Sri Lanka central bank to get $400mn swap line from India’s RBI
Sri Lanka central bank to get $400mn swap line from India’s RBI

COLOMBO: The Sri Lankan central bank will be able to access a $400 million swap line from its Indian counterpart after months of negotiations, central bank chief Ajith Nivard Cabraal confirmed in a tweet on Thursday.

"Had an excellent discussion with Indian High Commissioner to #SriLanka HE Gopal Baglay at my office this morning where he confirmed the #SAARC #SWAP by RBI and other forms of bilateral cooperation," he said.

Sri Lanka, which is deep in debt, has been struggling to build its dwindling forex reserves to restore investor confidence and negotiating swap lines and credit lines with several friendly countries to boost its dollar kitty.

The Indian High Commission also said RBI had deferred settlement of over $500 million via the Asian Clearing Union last week. The nine-member Asian Clearing Union includes the RBI and Sri Lankan central banks and helps settle intra-regional transactions.

Crisis-hit Sri Lanka slams latest credit rating downgrade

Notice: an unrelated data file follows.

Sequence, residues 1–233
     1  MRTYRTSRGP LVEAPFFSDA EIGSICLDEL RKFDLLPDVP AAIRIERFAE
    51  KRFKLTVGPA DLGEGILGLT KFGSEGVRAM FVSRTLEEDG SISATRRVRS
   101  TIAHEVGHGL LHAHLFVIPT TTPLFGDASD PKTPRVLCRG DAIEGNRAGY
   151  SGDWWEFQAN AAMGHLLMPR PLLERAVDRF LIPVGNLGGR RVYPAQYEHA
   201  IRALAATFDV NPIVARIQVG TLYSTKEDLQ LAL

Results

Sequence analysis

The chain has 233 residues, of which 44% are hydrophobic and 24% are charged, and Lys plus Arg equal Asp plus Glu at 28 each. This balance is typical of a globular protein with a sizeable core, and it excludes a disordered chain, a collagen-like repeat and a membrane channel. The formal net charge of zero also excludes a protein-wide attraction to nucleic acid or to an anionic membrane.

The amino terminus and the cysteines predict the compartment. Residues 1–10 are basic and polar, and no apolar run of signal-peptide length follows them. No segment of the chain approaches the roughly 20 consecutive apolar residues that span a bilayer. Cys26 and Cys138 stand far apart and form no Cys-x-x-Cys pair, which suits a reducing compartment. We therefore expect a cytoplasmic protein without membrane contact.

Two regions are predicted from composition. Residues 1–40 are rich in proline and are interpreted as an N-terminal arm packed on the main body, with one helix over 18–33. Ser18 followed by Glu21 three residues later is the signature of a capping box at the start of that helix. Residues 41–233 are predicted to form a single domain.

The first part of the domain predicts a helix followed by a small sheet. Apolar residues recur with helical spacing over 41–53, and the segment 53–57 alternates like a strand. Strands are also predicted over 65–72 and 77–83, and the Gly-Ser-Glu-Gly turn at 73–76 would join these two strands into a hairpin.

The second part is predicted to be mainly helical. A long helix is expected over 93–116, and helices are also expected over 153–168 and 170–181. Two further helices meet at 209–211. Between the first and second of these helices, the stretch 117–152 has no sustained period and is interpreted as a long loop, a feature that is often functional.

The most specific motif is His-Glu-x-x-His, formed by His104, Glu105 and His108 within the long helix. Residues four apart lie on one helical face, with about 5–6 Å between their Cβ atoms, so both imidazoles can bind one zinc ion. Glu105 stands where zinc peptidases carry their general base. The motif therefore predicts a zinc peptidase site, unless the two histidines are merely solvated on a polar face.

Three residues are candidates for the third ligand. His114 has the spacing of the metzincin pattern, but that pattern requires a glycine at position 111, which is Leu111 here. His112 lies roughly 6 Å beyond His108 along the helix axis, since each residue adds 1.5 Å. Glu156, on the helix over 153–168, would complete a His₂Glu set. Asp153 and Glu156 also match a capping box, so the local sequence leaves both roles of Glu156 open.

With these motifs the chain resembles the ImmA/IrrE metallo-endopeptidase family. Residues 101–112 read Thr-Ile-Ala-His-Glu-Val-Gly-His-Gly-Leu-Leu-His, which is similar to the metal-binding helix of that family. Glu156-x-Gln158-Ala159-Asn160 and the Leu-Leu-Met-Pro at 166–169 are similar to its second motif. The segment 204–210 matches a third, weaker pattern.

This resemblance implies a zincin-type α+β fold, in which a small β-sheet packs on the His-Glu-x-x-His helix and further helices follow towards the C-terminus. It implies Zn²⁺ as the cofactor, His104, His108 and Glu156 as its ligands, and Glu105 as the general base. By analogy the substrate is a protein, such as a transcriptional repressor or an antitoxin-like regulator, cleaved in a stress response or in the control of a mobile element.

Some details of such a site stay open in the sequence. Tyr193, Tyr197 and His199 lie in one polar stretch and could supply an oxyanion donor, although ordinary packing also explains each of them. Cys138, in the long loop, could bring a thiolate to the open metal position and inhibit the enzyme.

The swap could be released by the RBI on Thursday, sources at the Indian High Commission in Colombo told Reuters.

Sri Lanka managed to boost its flagging reserves to $3.1 billion at the end of December with help from a $1.5 billion yuan currency swap. However, the country has to repay about $4.5 billion in 2022 starting with a $500 million international sovereign bond maturing on Jan. 18.

In addition to the swap, Sri Lanka is negotiating with India for a $500 million credit line to purchase fuel and a separate $1 billion credit line to fund the purchase of essential items including medical supplies.

On Wednesday, S&P Global Ratings cut Sri Lanka's sovereign credit rating deeper into "junk" territory, to 'CCC' from 'CCC+' with a negative outlook, citing rising repayment pressures and "uneven access" to financing.

Sri Lanka has pledged to meet all payments for 2022.

"While the said inflows will ease the pressure on the balance of payment in the short-term, investors may monitor developments in the next two to three weeks to see past the latest downgrade," said Lalinda Sugathadasa, research head at ICRA Lanka.

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